A report from the NBC affiliate in Boston sheds light on an aspect of mail-in DNA kits that may surprise some users: when you sign the paperwork to obtain the results, you're often granting a "perpetual, royalty-free, world-wide, transferable license" for the data. The company in this example is Ancestry, but in an interview Glenn Cohen of Harvard Law School's Petrie-Flom Center noted "that kind of language is probably buried into the informed consent or the forms you sign almost every time you've donated blood or had a blood test." In a statement, Ancestry said they will "not share DNA data with third party marketers, employers or insurance companies," and they allow users to delete their DNA results and/or ask the company destroy the sample from which the results were derived. They also store your DNA without your name. However, these policies are not included in the contract users of Ancestry DNA are required to sign. Consumer protection attorney Joel Winston is quoted in Slate saying “Even if you’ve never used Ancestry.com, but one of your genetic relatives has, the company may already own identifiable portions of your DNA.” Issues related to shared family genomics and privacy have been explored by Consortium Chair Susan M. Wolf and her co-investigators, resulting in a major symposium on the subject.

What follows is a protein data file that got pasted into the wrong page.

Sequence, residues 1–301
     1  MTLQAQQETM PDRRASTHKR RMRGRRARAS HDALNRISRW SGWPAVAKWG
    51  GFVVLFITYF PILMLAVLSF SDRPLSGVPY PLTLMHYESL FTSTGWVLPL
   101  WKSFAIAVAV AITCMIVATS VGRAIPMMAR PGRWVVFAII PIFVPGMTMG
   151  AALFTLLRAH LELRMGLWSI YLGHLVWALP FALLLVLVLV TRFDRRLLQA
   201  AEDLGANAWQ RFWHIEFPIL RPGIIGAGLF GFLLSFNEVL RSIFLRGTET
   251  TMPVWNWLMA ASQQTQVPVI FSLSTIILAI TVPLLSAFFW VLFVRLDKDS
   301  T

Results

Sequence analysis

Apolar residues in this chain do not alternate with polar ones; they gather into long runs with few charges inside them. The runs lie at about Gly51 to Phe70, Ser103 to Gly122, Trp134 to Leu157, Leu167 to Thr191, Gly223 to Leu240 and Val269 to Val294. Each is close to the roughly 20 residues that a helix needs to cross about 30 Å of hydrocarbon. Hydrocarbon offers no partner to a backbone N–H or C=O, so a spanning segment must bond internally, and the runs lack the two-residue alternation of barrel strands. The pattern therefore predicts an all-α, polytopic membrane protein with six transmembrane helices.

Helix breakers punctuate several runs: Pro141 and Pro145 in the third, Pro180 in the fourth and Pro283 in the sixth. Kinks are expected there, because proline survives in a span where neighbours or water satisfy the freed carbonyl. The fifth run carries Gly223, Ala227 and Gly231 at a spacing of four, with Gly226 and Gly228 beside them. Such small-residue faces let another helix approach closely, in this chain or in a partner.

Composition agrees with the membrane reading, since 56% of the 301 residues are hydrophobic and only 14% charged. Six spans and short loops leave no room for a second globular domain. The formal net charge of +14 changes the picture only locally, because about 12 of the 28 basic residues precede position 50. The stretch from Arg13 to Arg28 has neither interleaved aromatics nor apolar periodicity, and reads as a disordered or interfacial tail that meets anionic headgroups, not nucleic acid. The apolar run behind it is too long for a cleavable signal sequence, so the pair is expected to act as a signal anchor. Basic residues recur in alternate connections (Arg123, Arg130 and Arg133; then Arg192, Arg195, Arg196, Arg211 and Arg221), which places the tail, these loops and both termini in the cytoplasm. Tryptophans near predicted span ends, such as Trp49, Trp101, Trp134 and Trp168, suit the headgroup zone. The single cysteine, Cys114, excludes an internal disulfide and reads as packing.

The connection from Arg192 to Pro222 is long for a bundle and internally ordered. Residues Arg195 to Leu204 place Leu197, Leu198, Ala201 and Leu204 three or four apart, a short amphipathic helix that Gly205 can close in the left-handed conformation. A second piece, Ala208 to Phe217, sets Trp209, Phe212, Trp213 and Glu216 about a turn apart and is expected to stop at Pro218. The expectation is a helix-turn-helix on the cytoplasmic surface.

Thursday, May 25, 2017